dow according to the information related to the time variation     ysed events of 2014: in particular, results for 9 October, at
in rainfall volume derived from the NWP model, and this            the Bisagno creek (drained area 97 km2 ), which flooded the
could be considered to be a matter of fact, a sort of blend-       municipality of Genoa during that event; for 11 November, at
ing of the rainfall volume. Second, the NWP model forecast         Graveglia (42 km2 ), a tributary of Entella; and for 15 Novem-
is frequently “updated” with observations through a data as-       ber, at Polcevera (140 km2 ), are shown.
similation technique before its information content is used to
trigger the nowcasting model. Finally, verification is done in
a hydrological perspective following both a point approach         3     Model and algorithms
and a distributed approach in order to enhance the sample
of data. The system is applied to three major flood events         3.1    The meteorological model and the assimilation
that occurred in the Liguria region in autumn 2014; results               scheme
are presented, comparing streamflow forecasts obtained us-
ing rainfall predictions from different configurations of the      The NWP model used in this work is MOLOCH (de-
system in order to evaluate the benefit of using some mod-         tails in Malguzzi et al., 2006; Buzzi et al., 2014; Davolio
ules rather than others.                                           et al., 2017b), which integrates the non-hydrostatic, fully
   The paper is organized as follows: in Sect. 2 the area of       compressible equations for the atmosphere on a latitude–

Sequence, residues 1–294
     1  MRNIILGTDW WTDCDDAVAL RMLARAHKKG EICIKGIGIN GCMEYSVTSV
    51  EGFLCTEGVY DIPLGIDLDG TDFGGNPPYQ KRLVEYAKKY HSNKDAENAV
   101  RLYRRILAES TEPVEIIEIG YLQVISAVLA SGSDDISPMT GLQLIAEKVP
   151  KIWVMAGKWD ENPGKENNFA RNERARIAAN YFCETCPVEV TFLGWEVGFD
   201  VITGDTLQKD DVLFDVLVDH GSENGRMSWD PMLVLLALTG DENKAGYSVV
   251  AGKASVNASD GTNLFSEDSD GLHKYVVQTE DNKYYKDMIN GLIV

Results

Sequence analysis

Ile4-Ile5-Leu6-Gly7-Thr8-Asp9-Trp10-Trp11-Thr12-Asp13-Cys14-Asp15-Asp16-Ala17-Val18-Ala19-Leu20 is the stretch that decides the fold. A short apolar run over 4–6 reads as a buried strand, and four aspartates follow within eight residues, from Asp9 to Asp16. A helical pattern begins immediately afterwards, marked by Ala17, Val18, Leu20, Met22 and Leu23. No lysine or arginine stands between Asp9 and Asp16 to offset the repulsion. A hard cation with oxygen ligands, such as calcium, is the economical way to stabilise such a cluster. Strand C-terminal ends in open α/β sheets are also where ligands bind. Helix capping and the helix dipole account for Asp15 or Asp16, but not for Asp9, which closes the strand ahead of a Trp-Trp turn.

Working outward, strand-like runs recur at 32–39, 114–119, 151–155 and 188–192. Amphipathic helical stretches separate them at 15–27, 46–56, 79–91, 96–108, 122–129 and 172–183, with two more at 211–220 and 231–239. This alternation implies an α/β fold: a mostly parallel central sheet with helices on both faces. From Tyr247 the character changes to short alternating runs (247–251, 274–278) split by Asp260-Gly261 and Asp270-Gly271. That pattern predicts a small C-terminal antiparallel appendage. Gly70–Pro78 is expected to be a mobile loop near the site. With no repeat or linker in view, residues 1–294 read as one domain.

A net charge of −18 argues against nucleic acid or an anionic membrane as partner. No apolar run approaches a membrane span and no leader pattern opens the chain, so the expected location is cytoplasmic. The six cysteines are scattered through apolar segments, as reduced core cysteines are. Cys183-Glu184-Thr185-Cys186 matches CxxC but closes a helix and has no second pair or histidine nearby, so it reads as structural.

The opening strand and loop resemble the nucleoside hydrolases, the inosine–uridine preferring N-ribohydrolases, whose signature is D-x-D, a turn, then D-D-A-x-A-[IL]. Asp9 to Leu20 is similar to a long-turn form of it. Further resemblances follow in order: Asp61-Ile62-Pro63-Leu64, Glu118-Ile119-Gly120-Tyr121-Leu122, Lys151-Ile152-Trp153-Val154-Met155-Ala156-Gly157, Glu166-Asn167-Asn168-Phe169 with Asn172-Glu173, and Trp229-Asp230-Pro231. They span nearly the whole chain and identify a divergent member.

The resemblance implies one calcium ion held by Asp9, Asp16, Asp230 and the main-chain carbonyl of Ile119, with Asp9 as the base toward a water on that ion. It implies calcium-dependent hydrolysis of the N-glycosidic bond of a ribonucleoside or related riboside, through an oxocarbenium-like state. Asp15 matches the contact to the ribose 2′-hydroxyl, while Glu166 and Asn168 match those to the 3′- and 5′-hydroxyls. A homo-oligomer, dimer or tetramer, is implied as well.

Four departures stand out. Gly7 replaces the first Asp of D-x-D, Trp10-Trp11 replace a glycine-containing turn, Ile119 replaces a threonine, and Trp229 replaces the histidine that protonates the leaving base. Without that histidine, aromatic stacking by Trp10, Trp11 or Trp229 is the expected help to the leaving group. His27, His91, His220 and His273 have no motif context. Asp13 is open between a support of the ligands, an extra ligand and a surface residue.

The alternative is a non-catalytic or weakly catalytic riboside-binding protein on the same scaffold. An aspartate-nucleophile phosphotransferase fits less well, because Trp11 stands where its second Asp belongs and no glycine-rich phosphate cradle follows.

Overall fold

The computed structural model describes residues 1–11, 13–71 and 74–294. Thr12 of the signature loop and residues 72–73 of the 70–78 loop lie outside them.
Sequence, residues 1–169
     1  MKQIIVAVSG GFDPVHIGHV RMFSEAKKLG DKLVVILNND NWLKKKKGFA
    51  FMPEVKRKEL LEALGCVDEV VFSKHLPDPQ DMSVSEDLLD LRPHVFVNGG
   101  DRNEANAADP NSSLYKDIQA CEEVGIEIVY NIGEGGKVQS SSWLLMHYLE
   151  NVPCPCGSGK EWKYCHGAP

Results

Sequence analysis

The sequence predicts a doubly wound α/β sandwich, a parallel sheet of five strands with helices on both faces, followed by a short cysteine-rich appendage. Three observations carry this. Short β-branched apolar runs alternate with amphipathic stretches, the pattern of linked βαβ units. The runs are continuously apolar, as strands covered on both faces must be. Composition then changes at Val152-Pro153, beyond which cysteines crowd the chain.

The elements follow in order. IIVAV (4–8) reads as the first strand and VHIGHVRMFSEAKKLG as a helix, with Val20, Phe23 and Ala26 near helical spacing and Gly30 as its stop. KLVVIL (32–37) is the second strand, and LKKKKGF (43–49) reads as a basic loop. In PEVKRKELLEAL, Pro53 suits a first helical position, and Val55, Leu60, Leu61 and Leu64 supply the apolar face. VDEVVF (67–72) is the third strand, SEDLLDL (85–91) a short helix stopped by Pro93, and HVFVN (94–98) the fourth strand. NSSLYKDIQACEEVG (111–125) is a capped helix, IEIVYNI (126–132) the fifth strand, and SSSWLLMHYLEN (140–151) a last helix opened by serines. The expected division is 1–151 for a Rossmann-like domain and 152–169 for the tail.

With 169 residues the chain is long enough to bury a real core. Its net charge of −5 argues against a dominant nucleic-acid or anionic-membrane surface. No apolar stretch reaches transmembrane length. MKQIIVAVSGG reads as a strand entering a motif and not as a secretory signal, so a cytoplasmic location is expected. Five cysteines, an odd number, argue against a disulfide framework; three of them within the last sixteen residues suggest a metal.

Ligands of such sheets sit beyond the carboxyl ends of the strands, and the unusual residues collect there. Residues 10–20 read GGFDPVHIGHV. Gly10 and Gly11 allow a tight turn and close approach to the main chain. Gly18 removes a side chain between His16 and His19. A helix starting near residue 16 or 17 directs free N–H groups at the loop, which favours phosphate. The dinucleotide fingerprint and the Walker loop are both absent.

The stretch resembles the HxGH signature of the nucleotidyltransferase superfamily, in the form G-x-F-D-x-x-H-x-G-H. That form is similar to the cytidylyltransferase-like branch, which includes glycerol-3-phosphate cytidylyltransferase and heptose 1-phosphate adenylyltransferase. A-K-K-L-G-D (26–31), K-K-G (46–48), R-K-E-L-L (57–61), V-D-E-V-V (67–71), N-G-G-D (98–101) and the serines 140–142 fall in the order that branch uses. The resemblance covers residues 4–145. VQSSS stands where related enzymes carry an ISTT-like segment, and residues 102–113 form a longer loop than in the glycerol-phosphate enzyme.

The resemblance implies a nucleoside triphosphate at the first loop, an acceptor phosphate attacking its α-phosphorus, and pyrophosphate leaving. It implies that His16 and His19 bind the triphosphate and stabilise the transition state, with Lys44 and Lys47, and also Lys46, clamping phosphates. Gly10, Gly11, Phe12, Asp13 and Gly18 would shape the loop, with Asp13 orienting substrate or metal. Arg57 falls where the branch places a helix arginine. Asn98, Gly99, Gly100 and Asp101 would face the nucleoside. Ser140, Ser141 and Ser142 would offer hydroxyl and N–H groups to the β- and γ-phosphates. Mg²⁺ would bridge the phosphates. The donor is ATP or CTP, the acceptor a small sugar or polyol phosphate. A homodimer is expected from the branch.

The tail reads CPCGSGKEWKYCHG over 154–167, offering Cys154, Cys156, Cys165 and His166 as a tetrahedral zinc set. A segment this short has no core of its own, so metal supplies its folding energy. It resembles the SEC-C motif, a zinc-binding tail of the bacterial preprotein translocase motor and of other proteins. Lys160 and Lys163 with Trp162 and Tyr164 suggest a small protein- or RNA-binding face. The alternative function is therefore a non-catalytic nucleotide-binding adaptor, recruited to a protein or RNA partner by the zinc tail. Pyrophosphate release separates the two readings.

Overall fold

study and the data used are introduced. In Sect. 3 the mod-        longitude rotated Arakawa C grid, with a resolution of 0.02◦ ,
els, the methods and the type of analysis performed are ex-        equivalent to about 2.2 km, and on 60 vertical levels (hy-
plained. The results of the work are presented in Sect. 4,         brid terrain-following coordinates). The integration domain
while the conclusions are drawn and final considerations are       (Fig. 1b) covers northern and central Italy, and initial and
made in Sect. 5.                                                   boundary conditions are provided at a 1 h interval by the BO-
                                                                   LAM model forecasts, as in the current operational practice
                                                                   at CNR ISAC. BOLAM is a limited-area hydrostatic model
2   Study area and input data                                      (Buzzi et al., 2004) based on primitive equations, with a
                                                                   convective parameterization derived from Kain (2004). Ini-